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You Need To Listen Hard To Resolve Arguments

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Communication

You Need To Listen Hard To Resolve Arguments

Ever notice how quickly a conversation between you and your partner can go downhill with just a few poorly chosen words?

Are your conversations a war of words or a test of silence?

Well, there are ways to repair and restore great communication. The following demonstrates how.

FOR MEN ONLY: John, a 43-year-old management consultant, and his wife Doris, a 39-year-old illustrator, had been growing distant because of a breakdown in communication. One day during a non-conflicted time, John took Doris aside and looked at her firmly, but tenderly, and asked her, “Doris, have I ever made you feel that you were not worth listening to?” With that, Doris’ eyes teared up at this show of concern and interest from John.

When her body language, more than her words, indicated that he probably had made her feel that way on many occasions, John persisted and said, “Doris, look at me, please. Just because I don’t know how to listen to you in the right way doesn’t mean you are not worth listening to. Don’t let anyone, including me, ever make you feel that you are not worth listening to, because you are, and I’m sorry if I have made you feel that way.”

Now Doris was receptive to John, so things went well. However, if you try this with your wife and she jumps down your throat with, “Of course that’s true. You’re one of the worst listeners I know!” don’t be discouraged. Take a deep breath and reply: “I know. That’s why I’m apologizing for it now. You don’t deserve to be ignored like that.” Chances are she’ll become calmer and, one or two days later, may apologize for her hostile retort and even thank your for your gesture.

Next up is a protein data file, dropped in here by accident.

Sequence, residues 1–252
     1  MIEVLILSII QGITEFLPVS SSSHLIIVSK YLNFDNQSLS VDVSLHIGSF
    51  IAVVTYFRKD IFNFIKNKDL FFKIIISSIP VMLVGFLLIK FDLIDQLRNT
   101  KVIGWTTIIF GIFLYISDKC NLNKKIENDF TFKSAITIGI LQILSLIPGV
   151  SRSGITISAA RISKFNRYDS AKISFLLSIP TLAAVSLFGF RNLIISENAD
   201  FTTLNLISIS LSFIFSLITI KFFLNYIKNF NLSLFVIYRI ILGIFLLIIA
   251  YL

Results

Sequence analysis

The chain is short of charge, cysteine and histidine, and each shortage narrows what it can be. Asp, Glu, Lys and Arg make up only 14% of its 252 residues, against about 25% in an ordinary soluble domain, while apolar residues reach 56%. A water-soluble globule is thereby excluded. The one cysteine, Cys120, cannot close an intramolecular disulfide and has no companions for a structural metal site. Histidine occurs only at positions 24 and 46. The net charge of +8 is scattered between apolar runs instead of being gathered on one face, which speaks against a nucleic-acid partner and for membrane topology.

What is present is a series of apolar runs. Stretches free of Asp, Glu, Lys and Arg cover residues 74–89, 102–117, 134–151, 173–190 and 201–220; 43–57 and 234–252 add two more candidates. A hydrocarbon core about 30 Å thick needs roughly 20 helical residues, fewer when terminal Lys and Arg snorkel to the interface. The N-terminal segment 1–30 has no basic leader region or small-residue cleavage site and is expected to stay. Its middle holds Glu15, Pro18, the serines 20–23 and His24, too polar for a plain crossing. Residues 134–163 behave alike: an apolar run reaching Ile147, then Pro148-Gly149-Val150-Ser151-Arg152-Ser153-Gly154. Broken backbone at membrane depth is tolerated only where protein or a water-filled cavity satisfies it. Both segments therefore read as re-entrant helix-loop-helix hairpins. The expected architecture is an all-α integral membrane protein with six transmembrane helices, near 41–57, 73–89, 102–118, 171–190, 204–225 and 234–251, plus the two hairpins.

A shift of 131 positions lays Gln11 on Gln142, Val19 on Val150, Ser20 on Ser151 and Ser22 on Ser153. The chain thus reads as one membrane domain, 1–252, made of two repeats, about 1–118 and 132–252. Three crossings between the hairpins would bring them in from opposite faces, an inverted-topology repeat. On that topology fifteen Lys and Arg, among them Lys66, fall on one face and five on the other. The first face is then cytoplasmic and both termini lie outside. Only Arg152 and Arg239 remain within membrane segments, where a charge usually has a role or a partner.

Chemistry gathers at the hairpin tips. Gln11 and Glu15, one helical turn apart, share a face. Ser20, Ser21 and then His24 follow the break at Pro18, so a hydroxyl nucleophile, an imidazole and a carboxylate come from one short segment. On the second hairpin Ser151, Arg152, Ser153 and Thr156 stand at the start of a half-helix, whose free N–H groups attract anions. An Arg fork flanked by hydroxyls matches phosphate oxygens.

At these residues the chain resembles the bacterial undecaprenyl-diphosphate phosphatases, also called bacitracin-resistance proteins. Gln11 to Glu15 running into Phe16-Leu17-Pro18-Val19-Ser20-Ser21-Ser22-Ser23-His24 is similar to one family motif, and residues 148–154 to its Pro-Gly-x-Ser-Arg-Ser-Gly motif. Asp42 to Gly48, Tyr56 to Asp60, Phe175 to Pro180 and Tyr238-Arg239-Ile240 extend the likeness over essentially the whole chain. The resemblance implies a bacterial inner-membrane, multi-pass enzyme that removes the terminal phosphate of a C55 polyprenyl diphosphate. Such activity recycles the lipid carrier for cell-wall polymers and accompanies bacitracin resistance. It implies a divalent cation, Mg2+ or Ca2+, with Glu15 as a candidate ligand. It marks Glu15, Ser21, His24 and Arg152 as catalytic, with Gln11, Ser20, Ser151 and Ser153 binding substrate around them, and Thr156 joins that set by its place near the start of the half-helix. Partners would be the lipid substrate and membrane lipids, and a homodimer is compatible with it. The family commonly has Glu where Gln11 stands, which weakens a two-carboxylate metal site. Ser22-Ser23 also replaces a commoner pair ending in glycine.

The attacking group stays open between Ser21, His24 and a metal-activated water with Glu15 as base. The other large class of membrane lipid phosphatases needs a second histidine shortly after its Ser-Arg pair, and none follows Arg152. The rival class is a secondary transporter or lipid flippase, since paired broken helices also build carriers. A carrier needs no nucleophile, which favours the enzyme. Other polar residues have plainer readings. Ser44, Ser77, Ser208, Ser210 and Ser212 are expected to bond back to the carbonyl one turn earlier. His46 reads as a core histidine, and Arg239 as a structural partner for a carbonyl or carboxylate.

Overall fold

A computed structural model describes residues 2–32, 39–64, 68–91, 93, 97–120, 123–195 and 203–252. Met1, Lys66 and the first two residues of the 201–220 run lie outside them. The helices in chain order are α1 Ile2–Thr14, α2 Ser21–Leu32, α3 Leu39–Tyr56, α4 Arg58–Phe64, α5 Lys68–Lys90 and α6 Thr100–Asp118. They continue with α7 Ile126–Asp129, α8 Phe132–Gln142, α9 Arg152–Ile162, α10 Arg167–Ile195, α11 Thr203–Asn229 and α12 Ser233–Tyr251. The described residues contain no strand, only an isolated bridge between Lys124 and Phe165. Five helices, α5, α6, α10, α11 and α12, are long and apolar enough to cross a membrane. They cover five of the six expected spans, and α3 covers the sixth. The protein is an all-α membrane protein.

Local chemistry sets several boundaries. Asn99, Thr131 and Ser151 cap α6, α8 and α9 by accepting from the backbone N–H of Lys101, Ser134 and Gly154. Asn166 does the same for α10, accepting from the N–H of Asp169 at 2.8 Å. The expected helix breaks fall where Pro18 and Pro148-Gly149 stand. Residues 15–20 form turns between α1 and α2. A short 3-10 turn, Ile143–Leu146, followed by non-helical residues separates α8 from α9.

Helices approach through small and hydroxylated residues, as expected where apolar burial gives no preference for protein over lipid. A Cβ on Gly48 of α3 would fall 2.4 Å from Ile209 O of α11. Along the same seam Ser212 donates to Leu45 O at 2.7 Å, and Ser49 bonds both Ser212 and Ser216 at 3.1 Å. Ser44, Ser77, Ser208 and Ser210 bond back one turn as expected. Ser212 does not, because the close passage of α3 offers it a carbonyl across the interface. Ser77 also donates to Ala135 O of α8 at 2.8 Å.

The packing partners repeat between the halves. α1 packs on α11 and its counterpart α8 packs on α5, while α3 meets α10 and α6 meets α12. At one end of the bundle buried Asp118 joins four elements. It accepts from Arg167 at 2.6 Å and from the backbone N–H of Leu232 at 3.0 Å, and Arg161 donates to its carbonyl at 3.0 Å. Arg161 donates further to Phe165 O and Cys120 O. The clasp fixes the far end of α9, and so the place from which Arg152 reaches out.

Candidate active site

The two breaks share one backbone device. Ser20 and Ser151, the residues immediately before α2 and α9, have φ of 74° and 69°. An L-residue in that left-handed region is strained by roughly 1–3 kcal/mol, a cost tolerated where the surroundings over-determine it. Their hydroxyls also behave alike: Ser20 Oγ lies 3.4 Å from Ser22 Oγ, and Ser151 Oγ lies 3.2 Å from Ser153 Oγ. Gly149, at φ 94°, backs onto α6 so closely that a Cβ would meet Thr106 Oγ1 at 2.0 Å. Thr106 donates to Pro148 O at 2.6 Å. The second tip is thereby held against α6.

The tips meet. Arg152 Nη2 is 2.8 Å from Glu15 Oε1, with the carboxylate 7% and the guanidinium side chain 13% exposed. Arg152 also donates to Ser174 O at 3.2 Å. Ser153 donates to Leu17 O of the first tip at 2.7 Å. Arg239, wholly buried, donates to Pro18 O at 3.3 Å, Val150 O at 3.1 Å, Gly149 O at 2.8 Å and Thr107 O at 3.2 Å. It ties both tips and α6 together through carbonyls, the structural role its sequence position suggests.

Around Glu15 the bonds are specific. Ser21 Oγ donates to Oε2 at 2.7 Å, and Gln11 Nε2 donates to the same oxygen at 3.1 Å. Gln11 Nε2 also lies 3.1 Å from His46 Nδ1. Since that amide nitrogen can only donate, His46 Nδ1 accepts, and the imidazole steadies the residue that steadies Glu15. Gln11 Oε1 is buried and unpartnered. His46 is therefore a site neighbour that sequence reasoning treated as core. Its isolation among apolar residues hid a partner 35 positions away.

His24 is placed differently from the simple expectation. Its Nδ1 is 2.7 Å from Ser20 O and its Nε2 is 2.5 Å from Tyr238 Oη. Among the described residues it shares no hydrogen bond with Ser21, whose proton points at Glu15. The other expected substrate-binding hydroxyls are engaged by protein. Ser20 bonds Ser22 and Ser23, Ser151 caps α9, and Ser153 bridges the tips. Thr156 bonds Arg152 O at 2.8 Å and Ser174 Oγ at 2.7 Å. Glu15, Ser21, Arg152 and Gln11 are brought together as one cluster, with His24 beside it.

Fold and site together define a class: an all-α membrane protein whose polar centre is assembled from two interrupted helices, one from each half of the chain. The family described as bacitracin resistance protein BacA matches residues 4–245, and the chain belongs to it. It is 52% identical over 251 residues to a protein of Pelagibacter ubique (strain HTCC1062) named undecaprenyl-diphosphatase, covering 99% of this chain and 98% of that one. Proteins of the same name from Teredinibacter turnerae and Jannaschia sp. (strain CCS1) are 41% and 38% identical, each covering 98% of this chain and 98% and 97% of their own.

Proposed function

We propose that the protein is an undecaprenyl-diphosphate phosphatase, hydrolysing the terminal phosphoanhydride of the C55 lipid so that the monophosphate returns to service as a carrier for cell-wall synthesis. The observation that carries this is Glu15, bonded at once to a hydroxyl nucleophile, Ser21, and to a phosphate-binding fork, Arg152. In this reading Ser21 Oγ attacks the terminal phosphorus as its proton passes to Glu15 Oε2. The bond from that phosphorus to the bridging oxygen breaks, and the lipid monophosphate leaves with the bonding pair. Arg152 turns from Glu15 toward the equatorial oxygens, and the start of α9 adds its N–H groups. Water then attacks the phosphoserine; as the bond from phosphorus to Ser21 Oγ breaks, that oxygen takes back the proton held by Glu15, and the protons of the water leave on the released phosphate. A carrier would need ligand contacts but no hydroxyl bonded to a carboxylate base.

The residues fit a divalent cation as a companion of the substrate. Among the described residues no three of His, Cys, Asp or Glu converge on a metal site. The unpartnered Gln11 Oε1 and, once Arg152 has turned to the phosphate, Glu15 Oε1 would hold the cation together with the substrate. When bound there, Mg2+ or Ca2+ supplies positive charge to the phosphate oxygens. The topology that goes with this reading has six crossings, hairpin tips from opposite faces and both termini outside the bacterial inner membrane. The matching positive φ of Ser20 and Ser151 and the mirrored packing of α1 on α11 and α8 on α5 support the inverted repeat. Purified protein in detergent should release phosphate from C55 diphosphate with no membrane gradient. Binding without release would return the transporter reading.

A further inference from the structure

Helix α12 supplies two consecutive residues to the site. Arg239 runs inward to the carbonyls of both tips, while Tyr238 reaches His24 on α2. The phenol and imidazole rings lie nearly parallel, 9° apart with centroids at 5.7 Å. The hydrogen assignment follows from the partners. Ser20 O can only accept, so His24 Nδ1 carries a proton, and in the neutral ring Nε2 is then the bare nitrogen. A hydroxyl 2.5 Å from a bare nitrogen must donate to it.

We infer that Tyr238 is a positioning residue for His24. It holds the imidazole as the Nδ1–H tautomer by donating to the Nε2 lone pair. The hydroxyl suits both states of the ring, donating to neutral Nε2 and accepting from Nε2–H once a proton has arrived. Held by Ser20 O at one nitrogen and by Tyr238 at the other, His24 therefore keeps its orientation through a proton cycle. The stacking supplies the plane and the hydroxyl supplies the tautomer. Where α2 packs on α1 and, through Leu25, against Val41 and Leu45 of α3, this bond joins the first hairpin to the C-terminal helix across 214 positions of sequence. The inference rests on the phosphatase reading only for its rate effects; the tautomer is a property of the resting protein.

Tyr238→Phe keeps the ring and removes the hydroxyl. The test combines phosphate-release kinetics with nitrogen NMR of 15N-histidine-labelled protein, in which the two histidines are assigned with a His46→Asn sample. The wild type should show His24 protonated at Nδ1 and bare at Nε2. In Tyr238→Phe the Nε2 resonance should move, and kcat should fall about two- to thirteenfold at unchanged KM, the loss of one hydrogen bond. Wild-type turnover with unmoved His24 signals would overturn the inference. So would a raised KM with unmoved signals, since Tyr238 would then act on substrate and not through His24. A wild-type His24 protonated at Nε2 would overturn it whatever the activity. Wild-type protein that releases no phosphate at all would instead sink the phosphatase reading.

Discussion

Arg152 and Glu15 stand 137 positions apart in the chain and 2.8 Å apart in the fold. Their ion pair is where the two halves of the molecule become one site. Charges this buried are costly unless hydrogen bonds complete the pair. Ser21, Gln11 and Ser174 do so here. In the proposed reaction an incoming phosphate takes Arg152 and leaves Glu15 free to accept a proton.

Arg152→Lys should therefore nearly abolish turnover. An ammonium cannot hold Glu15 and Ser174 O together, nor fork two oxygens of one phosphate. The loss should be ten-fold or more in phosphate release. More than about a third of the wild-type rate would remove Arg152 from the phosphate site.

FOR WOMEN ONLY: Another example involves Nancy, a 51-year-old mother of two grown children, and her husband Ted, a 53-year-old plumber. As in the above example, they had grown distant due to a breakdown in communication. One day, Nancy took Ted aside, looked him straight in the eye and asked him: “Ted, have I ever made you feel that I don’t respect you or admire you or that I have stopped thinking that you’re the greatest guy I know and I’m lucky to have you in my life?”

Needless to say, Ted was dumbfounded and speechless, indicating, as in the previous example, that yes, Nancy had caused him to have exactly those negative feelings. Nancy persisted and continued: “Ted, just because I get stressed out and sometimes take it out on you, because you’re my safety valve, doesn’t mean I don’t thank my lucky stars for having you in my life. And I’m sorry if I’ve made you feel worse about yourself.”

Beginning a conversation this way works so well because when tension exists between you and someone else, the only thing that will not create more defensiveness is a sincere apology. Apologies also make the apologizing person feel better because it helps to thaw out coldness and bitterness in a relationship.

USABLE Insight: Love means always having to say (and mean) you’re sorry.

Authors’ Books and Kindle – Click for Amazon Reviews